Despite "considerable progress," the path to the Fed's 2% goal for inflation remains uncertain and "bumpy." As a result, the FOMC made a unanimous decision not to change the target range for the federal funds rate following the FOMC's March policy meeting and left the target range of 5.25%-5.5%, in-line with the market’s pre-meeting expectation.

As investors reviewed the higher assumptions for economic growth and inflation within the Fed's updated Summary of Economic Projections (SEP) report and saw the median "dot" of policymakers' assumptions for the federal funds rate was unchanged from December's SEP forecast of three cuts in 2024, US equities moved higher and US Treasury yields lower. Following Wednesday's meeting, the S&P 500 closed at an all-time high for the year and the 5-year US Treasury yield declined 6 basis points to 4.24%.

We continue to see an overall healthy outlook for the US economy and still think it makes sense to position for a soft landing, factoring in moderating growth, receding inflation, and declining interest rates. The US economy appears to be moderating back toward trend growth from an unsustainable pace (it was running at an annualized 4% rate in the second half of 2023) which is positive news for the disinflation outlook. Our base case remains that the Fed will cut rates three times (25bps each) before the end of 2024, starting in June. As a result, we recommend quality bonds and quality stocks.

The FOMC still wants greater confidence inflation is moving sustainably down toward 2%. During the press conference, Fed Chair Jerome Powell commented that despite "considerable progress” to ease inflation, inflation remains too high and "the path forward is uncertain." He also noted that the higher inflation data within the recent CPI and PCE releases may be due to seasonal effects, but he did not "want to be dismissive of it." Nonetheless, the SEP report showed little change in the committee members' median PCE inflation assumptions. The Committee decided to wait for further evidence and for confidence that inflation is falling sustainably. We believe that much of the hot inflation data in recent releases is likely to recede in the coming months on a more balanced labor market and slowing economic growth. Our base case remains the incoming economic data will be soft enough for the Fed to begin cutting rates in June, for a total of 75bps (three cuts) by year-end.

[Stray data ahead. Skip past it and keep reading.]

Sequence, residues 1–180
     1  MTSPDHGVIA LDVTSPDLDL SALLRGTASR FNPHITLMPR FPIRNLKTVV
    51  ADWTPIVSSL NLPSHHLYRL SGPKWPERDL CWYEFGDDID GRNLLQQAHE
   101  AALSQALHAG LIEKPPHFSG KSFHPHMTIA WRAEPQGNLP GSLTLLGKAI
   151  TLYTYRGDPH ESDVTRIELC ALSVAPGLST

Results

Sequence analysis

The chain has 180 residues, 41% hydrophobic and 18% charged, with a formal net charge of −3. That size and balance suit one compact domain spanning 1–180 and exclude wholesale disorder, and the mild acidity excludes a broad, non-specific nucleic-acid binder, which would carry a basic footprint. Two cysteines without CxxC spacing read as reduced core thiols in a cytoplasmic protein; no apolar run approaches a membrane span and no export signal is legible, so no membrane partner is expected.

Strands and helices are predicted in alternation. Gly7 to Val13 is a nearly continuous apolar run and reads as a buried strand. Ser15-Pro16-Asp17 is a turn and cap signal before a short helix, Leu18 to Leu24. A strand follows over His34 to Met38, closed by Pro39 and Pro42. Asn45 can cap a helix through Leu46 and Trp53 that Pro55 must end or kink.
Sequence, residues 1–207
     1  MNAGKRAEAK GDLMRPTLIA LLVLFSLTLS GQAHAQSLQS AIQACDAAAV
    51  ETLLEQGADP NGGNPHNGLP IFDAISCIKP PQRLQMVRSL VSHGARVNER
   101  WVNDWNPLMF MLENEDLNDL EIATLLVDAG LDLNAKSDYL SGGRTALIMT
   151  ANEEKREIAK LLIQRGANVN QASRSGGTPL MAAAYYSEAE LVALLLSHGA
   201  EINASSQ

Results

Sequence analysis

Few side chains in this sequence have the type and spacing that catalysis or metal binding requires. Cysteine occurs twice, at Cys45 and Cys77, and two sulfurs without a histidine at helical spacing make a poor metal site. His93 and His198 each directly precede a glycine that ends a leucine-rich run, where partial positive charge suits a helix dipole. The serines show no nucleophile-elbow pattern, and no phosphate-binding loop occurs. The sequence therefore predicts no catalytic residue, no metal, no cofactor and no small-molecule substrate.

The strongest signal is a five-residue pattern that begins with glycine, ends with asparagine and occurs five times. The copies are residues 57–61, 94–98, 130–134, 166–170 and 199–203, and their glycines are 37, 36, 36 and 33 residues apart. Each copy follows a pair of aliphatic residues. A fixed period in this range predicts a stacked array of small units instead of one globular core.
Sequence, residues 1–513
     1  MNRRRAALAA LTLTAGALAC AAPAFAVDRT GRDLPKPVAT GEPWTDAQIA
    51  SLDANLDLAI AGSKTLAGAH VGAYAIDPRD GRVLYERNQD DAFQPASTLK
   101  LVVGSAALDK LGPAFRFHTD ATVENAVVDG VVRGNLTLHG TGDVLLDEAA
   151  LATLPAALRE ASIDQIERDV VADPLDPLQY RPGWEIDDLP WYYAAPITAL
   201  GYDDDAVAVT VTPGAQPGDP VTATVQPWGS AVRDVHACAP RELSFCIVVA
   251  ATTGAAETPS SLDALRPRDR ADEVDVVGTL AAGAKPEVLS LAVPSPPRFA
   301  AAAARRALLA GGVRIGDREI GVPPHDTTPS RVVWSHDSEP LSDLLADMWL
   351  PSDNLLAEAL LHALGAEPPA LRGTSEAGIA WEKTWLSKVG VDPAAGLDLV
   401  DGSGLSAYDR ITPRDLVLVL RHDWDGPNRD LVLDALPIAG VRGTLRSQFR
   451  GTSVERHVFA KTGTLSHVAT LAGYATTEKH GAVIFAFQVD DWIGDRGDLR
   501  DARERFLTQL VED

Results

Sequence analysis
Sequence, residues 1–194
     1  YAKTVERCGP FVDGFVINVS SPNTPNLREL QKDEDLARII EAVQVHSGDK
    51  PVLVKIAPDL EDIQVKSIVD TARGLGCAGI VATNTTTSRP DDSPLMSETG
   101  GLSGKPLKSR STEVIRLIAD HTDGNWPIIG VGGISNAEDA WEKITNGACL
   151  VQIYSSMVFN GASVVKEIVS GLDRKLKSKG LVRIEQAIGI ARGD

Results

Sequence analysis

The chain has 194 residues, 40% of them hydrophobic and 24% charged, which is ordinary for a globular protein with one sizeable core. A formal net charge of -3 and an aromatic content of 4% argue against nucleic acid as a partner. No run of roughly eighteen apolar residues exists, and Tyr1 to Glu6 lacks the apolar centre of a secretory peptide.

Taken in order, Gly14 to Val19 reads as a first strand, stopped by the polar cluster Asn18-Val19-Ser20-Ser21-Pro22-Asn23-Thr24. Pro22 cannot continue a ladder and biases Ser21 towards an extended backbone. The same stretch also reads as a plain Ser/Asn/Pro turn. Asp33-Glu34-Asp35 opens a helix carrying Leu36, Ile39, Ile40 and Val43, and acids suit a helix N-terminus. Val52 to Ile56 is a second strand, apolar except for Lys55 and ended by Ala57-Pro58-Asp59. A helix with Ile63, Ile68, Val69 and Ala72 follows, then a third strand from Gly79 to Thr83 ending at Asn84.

Members' SEP assumptions for economic growth were raised. The biggest change within the SEP was the increase in projections for US economic growth in 2024, 2025, and 2026. Fed Chair Jerome Powell highlighted the stronger labor supply, which can allow inflation to slow even under robust growth. For 2024, the median projection is now 2.1% (up from 1.4%). This is in-line with the Atlanta Fed GDP tracker's 2.1% for the first quarter of this year, which followed a smaller-than-expected rebound in February retail sales. As restrictive monetary policy continues to feed through the economy, we expect the US economy to grow around the trend rate of 2% this year, a fairly healthy outlook.

The labor market continues to be strong but there are signs of cooling. With labor supply and demand in better balance, the Committee expects to see evidence of easing inflationary pressures from the labor market. However, should there be evidence that the labor market is weakening, the Fed is ready to adjust policy. The latest labor report showed strong payroll growth, but a moderation in average hourly earnings growth and a higher unemployment rate. Multiple other indicators—the Atlanta Fed wage tracker, the employment cost index, quit rates, National Federation of Independent Business (NFIB) hiring and compensation plans, job openings to unemployed ratio—are also back to either mid-2020 or mid-2021 levels and trending lower. We believe the cooling labor market suggests that inflation is more likely to continue falling, instead of staying at current levels.

So, we continue to believe that the macro backdrop remains benign for the Fed to cut rates this year, creating an environment favorable for quality bonds and quality stocks.

Main contributors - Brian Rose and Jennifer Stahmer.

For more, see FOMC holds steady